Lewis hopes to succeed state Sen. Ralph Northam, D-Norfolk, who was elected Virginia’s next lieutenant governor, in the 6th Senate District that covers part of Norfolk, a Virginia Beach sliver, and all of Accomack, Mathews and Northampton counties..
ALEC is sort of almost a dating service between politicians at the state level, local elected politicians, and many of America’s biggest companies. It brings them together much as a dating service would do. It sits them in rooms behind closed doors where three times a year they come together to think about what should be the next wave of state-based legislation and they have presentations from the companies that say what they would like to see done legislatively in states right across America. Then they have a vote and the legislators begin. Hundreds of state legislators across America belong to ALEC and come to these meetings.
They begin to have a vote on what they’d like to do in the next state assembly session. And after the legislators have voted the companies get to vote and essentially they have a veto. If they don’t vote by at least 50 percent to approve a piece of legislation going forward, it doesn’t happen. If they think they do approve of it, it goes ahead and becomes a model bill, which is like a blueprint for a piece of legislation that ALEC wants to see spread across America.
Hilary Hoynes is a University of California at Berkeley economist who wrote a particularly notable paper last year. Instead of increasing dependency, as conservative critics have repeatedly claimed, Hoyen’s paper showed that, for women at least, food stamp use during pregnancy and early childhood has exactly the opposite impact of what conservatives allege: It actually increases economic self-sufficiency when children grow up, in the next generation.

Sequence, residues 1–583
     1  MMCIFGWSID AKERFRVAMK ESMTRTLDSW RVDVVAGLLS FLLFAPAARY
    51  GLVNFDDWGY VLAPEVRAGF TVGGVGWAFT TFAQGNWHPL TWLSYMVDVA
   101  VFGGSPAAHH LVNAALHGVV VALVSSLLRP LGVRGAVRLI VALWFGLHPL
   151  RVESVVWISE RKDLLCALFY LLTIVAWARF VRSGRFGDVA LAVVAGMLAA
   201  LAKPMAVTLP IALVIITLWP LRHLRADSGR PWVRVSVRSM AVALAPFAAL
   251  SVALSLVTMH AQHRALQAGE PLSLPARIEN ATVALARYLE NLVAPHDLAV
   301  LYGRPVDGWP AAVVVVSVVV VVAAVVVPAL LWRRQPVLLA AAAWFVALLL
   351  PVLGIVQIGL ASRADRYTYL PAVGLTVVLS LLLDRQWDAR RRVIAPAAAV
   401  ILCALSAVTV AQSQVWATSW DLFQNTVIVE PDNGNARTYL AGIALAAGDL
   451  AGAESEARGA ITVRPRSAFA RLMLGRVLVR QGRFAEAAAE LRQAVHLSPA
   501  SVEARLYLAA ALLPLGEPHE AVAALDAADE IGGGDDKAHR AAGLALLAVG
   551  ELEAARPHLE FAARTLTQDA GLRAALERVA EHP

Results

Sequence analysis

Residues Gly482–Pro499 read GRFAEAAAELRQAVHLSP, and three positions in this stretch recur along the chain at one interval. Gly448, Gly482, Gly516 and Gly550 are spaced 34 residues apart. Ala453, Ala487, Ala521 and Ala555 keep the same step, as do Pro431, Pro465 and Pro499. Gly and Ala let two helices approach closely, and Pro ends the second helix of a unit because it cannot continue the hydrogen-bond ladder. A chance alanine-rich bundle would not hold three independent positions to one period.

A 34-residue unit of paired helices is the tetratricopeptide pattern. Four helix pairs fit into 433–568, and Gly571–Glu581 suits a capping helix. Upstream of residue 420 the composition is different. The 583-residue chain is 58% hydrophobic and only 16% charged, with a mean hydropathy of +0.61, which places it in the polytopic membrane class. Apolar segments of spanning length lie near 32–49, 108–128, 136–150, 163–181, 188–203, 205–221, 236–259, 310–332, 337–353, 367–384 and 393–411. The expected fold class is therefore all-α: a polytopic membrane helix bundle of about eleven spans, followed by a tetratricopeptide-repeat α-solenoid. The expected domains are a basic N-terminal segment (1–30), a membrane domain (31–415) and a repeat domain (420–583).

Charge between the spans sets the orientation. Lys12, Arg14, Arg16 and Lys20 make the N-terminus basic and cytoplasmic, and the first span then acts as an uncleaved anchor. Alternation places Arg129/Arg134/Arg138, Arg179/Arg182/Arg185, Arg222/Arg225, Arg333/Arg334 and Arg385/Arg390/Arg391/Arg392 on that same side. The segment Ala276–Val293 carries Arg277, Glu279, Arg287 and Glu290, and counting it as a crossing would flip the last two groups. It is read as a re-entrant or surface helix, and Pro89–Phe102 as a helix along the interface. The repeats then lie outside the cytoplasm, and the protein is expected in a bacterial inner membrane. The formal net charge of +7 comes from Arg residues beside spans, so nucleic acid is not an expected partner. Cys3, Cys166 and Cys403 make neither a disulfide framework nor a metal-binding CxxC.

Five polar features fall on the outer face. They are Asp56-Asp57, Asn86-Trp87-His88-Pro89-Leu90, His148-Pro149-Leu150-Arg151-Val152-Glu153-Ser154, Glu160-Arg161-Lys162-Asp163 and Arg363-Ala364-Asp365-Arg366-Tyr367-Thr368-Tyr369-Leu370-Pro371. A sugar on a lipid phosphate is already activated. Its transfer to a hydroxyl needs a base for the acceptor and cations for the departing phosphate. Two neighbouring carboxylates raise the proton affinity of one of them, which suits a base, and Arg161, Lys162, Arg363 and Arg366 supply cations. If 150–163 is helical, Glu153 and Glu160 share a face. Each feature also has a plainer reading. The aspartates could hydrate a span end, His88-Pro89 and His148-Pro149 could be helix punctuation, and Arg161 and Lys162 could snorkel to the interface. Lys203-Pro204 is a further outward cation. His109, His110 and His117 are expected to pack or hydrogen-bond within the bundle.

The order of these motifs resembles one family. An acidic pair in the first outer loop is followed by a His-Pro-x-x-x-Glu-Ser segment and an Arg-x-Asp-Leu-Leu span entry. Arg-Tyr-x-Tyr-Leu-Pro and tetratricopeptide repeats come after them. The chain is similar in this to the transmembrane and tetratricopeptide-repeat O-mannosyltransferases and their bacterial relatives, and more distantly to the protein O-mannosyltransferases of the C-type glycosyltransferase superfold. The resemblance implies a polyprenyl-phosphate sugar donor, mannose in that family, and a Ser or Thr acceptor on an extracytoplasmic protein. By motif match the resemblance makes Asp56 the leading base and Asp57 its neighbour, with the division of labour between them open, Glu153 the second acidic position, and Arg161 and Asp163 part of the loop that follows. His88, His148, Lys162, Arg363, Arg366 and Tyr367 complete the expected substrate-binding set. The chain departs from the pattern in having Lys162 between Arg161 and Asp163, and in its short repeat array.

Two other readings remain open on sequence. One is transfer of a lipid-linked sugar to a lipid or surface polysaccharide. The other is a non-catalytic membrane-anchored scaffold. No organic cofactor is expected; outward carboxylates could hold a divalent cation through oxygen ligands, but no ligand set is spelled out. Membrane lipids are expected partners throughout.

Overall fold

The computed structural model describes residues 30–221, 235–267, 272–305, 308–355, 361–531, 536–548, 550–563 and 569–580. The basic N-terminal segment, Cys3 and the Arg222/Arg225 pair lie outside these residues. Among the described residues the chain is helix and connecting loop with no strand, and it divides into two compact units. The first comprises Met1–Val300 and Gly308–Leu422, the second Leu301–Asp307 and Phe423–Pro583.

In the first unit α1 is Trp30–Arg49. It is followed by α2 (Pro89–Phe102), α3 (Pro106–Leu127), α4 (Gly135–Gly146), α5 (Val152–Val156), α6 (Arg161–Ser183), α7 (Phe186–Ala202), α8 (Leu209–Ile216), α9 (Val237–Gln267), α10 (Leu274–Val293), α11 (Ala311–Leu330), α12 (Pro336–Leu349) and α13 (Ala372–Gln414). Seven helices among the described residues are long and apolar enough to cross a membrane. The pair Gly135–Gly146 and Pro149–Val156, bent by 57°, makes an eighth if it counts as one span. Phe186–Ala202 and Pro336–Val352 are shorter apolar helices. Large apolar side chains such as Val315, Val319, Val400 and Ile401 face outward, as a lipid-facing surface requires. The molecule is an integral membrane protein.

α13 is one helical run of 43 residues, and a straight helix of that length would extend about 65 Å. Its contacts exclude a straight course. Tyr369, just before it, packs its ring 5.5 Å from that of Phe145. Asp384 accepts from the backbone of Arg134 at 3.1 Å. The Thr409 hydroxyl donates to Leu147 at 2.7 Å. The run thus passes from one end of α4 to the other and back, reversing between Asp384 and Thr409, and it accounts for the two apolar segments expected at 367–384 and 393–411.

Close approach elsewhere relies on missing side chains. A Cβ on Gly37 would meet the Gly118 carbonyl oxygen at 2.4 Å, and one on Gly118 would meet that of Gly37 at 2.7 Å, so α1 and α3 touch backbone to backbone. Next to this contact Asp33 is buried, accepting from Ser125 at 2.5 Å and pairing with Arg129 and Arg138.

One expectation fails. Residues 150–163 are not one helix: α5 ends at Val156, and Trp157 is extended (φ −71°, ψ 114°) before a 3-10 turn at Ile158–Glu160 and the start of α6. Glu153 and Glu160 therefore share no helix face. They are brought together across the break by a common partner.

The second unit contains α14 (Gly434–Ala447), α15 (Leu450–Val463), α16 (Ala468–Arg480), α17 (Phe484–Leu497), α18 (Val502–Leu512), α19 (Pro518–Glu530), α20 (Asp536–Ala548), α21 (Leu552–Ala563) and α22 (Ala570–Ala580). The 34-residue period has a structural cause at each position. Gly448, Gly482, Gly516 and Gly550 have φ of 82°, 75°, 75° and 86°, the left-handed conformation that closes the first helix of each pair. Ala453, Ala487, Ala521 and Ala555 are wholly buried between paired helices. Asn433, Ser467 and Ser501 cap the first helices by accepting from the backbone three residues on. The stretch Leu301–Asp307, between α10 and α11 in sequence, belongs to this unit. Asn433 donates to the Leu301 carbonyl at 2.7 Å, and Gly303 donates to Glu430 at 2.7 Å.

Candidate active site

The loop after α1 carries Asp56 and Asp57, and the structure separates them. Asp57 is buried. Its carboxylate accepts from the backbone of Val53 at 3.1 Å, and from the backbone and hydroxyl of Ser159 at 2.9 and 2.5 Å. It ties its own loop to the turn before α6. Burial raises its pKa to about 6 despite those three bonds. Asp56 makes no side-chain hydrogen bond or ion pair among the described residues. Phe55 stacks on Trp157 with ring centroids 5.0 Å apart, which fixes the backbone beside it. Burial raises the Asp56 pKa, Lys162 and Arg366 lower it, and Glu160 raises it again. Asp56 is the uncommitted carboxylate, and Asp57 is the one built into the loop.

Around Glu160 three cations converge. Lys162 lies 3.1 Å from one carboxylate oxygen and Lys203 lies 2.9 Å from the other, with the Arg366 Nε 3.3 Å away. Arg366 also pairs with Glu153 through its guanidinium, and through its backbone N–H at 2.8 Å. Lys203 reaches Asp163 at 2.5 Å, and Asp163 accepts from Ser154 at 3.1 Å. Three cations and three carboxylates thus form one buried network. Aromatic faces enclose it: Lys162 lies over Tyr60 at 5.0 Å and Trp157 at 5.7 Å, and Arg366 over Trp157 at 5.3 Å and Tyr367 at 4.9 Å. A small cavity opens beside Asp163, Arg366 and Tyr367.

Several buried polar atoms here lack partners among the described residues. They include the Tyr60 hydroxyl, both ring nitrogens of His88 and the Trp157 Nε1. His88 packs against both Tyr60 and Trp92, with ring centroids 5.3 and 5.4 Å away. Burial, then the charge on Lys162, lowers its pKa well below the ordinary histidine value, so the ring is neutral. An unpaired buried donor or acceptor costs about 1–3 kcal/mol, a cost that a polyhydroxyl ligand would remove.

That was just one of two main results reported in “Long Run Impacts of Childhood Access to the Safety Net,” which Hoynes co-authored with Diane Whitmore Schanzenbach and Douglas Almond. As stated in the paper’s abstract, access to food stamps for women leads to “increases in economic self-sufficiency (increases in educational attainment, earnings, and income, and decreases in welfare participation).” Hoynes and her colleagues took advantage of the fact that food stamp programs were established county-by-county over a period of years, creating a sort of “natural experiment” beginning half a century in the past.
“Hoynes’ work has been timely, innovative and revealing,” said Arloc Sherman, a senior researcher at the Center on Budget and Policy Priorities, which has highlighted Hoynes’ work this year as food stamps and the SNAP program have become a major subject of controversy. “Hoynes and her collaborators have really broadened our understanding of how programs like food stamps not only relieve hardship in the moment but can trigger long-lasting gains in participating children’s later health and education. The implications of the research are considerable. In this long view, such assistance is not only helping struggling families to scrape by, it’s a good investment in the next generation of citizens and workers.”